Summary and implications:

Because this is a cor­re­la­tion­al study, one can­not con­clude with cer­tain­ty that vari­a­tions in ele­va­tion play a causal role in the devel­op­ment of ADHD. How­ev­er, in 2 large and nation­al­ly rep­re­sen­ta­tive data sets, a clear and con­sis­tent asso­ci­a­tion between alti­tude and ADHD preva­lence was evi­dent. This asso­ci­a­tion remained after con­trol­ling for mul­ti­ple oth­er fac­tors linked to vari­a­tion in state-wide preva­lence of ADHD and may help explain the geo­graph­ic vari­a­tion in ADHD preva­lence that has been report­ed. While this demon­strat­ed link between ADHD risk and alti­tude is sur­pris­ing, there is also a plau­si­ble the­o­ret­i­cal mech­a­nism, i.e., liv­ing at high­er alti­tude pro­motes increas­es in dopamine activ­i­ty, that may explain it.

This study adds to oth­er work on how nat­ur­al fac­tors may play a role in the devel­op­ment of ADHD. For instance, sev­er­al years ago I reviewed a study in which a link between ADHD and expo­sure to sun­light was found, and expo­sure to nat­ur­al out­door envi­ron­ments has also report­ed to reduce ADHD symp­toms.

Results such as these are sur­pris­ing and inter­est­ing, and high­light the com­plex­i­ty of fac­tors that may be involved in the devel­op­ment and expres­sion of ADHD symp­toms.

Sev­er­al aspects of the cur­rent work are impor­tant to keep in mind. First, the results high­light a poten­tial link­age between alti­tude and ADHD at the pop­u­la­tion lev­el; while inter­est­ing to say the least, one can’t con­clude from pop­u­la­tion-lev­el data that liv­ing at low­er alti­tude caus­es the devel­op­ment of ADHD for any indi­vid­ual child. Instead, vari­a­tions in alti­tude may be one fac­tor among many that mod­i­fies the risk of ADHD and addi­tion­al work is need­ed both to repli­cate the cur­rent find­ings and to bet­ter under­stand the mech­a­nism by which alti­tude may mod­i­fy ADHD risk.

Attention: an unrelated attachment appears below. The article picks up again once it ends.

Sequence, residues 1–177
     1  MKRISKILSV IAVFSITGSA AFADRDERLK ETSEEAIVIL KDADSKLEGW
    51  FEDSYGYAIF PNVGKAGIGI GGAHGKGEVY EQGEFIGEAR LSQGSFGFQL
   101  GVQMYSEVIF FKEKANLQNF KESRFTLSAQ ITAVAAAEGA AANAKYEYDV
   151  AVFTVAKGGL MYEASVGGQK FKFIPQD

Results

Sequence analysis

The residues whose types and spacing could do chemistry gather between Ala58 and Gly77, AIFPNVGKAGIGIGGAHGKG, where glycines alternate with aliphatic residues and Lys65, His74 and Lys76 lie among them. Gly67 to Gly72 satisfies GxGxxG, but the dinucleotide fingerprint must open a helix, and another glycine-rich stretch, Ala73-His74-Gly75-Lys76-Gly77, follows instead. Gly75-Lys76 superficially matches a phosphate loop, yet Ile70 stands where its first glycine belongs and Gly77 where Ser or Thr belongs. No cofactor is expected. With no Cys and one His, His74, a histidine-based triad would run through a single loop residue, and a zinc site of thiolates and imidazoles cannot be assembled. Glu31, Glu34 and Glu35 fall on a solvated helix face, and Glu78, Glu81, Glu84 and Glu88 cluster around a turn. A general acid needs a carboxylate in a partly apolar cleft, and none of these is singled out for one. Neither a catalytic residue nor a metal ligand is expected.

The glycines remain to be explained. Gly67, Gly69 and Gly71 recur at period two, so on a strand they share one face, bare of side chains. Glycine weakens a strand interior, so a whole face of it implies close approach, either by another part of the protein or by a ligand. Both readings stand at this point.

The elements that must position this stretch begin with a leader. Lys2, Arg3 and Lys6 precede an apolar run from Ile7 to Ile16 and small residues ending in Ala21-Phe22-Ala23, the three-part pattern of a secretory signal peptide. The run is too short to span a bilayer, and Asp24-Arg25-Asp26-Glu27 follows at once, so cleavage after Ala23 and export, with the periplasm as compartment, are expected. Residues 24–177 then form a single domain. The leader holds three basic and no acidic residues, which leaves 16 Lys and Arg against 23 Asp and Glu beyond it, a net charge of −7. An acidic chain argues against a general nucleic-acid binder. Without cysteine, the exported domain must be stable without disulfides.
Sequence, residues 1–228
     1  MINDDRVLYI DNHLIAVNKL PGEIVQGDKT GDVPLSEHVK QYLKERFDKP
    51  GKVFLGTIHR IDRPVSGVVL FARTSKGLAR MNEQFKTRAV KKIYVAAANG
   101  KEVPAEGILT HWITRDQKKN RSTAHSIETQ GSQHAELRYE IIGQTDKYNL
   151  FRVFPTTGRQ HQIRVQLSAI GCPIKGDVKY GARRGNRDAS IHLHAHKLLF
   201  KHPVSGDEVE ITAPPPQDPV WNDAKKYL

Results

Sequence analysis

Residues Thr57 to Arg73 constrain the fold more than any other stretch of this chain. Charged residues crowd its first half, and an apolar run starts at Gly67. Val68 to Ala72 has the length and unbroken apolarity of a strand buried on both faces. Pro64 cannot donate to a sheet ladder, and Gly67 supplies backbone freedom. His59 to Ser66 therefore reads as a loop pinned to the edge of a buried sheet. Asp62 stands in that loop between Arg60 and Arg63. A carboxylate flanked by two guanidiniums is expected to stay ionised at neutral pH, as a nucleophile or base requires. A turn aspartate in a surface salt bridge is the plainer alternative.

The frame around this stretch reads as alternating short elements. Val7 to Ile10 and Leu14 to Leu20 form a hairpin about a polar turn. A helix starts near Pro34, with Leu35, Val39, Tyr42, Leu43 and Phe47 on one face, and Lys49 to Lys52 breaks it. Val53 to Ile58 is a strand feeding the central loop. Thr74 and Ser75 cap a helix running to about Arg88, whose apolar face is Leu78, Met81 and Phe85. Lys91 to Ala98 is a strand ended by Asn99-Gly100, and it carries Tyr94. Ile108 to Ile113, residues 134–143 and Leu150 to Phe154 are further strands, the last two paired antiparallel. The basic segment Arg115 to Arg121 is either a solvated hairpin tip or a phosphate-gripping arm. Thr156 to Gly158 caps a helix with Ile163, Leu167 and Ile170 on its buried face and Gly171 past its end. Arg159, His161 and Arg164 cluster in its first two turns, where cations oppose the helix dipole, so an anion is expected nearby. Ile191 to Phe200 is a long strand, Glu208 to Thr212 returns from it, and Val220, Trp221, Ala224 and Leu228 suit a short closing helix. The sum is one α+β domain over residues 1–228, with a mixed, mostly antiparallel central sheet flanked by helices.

Sec­ond, it is dif­fi­cult to know what the prac­ti­cal impli­ca­tions of these find­ings may be. The authors spec­u­late that con­duct­ing sum­mer camps for chil­dren with ADHD at high alti­tudes may help alle­vi­ate symp­toms. They also sug­gest that spend­ing time in devices that mim­ic high alti­tudes by cre­at­ing a hypo­bar­ic envi­ron­ment — and which have been shown to be safe and effec­tive in the train­ing of endurance ath­letes — might be help­ful for youth with ADHD. The­o­ret­i­cal­ly, this could be an alter­na­tive to stim­u­lant drugs for increas­ing dopamin­er­gic activ­i­ty. This may be an inter­est­ing approach to test, although even if ben­e­fits were found, one won­ders what the dura­tion would be.

Based on these find­ings alone, it would cer­tain­ly be pre­ma­ture to sug­gest that mov­ing to a high alti­tude state would improve a child’s ADHD symp­toms. How­ev­er, the find­ings high­light the val­ue of keep­ing an open mind in efforts to under­stand the devel­op­ment of ADHD and the role nat­ur­al envi­ron­ments may play in poten­tial­ly alle­vi­at­ing it. Also high­light­ed is the val­ue of future research into the bio­log­i­cal mech­a­nism that is affect­ed by alti­tude for indi­vid­u­als with ADHD.

– Dr. David Rabin­er is a child clin­i­cal psy­chol­o­gist and Direc­tor of Under­grad­u­ate Stud­ies in the Depart­ment of Psy­chol­o­gy and Neu­ro­science at Duke Uni­ver­si­ty. He pub­lish­es the Atten­tion Research Update, an online newslet­ter that helps par­ents, pro­fes­sion­als, and edu­ca­tors keep up with the lat­est research on ADHD.

The Study in Context: